Portland Press Herald

Public hearing on Kennebec River plan draws questions comments about dam removal

Amy Calder

Mar 18, 2021
Salmon released into the Sandy River, a tributary of the Kennebec River.
A proposal to amend the state’s Kennebec River Management Plan to restore a healthy river and boost fish population drew both support and opposition Monday.

Some people who attended a virtual public hearing hosted by the Maine Department of Marine Resources said removing the Lockwood Dam in Waterville and the Shawmut Dam in Fairfield would allow endangered Atlantic salmon to move upriver to spawn and pave the way for recreational opportunities on the river and boost economic development.

But others claimed that removal of those or other dams owned by Brookfield Renewable Partners would negatively impact the economy and properties along the river, create job losses and cause municipal tax rates to increase.

The amendment seeks to expand the fish species targeted for restoration in the river to include all of Maine’s native diadromous fish, or those whose life cycles occur in both the rivers and ocean. It also would update descriptions of the physical, biological and ecological conditions in the watershed, revise goals, objectives and actions for restoration in the river and provide reasons for decommissioning and removing dams.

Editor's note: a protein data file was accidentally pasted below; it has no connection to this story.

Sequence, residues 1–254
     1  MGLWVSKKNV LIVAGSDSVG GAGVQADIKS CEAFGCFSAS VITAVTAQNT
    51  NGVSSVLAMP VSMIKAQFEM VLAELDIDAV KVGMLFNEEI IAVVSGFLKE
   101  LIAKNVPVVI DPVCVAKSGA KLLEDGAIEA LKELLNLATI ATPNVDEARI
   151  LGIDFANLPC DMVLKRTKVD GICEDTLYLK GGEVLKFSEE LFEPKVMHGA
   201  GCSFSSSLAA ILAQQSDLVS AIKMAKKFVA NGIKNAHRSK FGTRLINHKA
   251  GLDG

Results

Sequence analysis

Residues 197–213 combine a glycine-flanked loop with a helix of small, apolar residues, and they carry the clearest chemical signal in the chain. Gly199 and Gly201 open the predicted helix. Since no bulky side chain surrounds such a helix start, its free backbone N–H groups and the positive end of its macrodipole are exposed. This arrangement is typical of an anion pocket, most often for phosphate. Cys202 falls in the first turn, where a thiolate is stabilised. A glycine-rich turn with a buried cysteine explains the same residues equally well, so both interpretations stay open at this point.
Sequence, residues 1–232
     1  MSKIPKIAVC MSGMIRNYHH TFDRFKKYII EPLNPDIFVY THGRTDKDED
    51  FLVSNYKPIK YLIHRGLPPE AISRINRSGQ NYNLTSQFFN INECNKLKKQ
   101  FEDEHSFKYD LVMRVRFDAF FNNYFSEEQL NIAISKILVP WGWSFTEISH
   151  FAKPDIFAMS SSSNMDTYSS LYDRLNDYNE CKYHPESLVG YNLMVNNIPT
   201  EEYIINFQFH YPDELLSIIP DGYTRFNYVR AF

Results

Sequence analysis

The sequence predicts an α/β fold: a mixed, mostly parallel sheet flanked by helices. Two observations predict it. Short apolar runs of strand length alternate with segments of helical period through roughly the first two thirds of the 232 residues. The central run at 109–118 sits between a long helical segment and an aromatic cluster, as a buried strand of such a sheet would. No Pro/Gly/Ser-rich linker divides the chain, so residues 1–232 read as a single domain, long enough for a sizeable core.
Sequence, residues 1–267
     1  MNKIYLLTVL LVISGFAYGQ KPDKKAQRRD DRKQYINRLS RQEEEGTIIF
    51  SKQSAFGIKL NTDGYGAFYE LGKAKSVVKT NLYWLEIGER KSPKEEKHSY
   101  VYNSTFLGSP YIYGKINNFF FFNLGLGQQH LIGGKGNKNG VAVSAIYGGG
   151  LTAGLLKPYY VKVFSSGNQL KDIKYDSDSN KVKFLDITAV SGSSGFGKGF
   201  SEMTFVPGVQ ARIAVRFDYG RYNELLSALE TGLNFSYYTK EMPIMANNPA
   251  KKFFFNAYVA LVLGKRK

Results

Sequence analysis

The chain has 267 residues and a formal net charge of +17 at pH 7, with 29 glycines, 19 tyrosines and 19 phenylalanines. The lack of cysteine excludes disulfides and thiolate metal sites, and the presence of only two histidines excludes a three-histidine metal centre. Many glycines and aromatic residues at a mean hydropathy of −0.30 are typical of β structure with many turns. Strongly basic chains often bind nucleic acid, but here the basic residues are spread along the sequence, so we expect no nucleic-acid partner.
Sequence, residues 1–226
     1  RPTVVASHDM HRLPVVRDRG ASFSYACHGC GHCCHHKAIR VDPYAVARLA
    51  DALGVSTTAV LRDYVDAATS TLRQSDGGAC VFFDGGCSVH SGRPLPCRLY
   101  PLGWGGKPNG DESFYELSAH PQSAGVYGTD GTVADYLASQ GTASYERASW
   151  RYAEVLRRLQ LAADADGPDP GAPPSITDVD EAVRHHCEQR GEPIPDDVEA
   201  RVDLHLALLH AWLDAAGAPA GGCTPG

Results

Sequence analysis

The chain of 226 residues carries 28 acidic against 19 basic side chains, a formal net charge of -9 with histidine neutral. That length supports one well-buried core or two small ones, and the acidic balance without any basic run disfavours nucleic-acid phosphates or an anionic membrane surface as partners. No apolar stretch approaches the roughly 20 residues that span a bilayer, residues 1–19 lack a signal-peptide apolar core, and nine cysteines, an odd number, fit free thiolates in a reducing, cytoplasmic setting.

Hearing attendees were allowed only to ask “clarifying questions.” Later they could comment, pro or con. The hearing was not a debate platform.

Winslow Town Manager Erica LaCroix said Winslow would stand to lose more than $600,000 in annual revenue if the hydro dam were removed. Property owners along the river also would be impacted, she said.

“Is the state considering any type of aid to those communities?” LaCroix asked. “Because we don’t have a downtown to turn into a riverfront.”

Sean Ledwin, director of Sea-Run Fisheries and Habitat division of the Maine Department of Marine Resources, which researches, monitors and works to restore fish species, said the proposed river plan change is just a document and it is unclear what actually will happen at any particular point, including whether dams would be removed. He said, however, that his department would advocate for ways to offset any such impacts.

Four fishermen cast for stripers June 24, 2020, in the Kennebec River just below the Lockwood Dam in Waterville. Michael G. Seamans/Morning Sentinel file

“As of right now, given where we are in this early stage, we don’t have any specific plans for that,” he said.

Ledwin emphasized that if any major action such as dam removal were considered, it would require significant input over a number of years, so dam removal would not occur any time soon. Monday’s hearing was a first step in a long conversation, he said.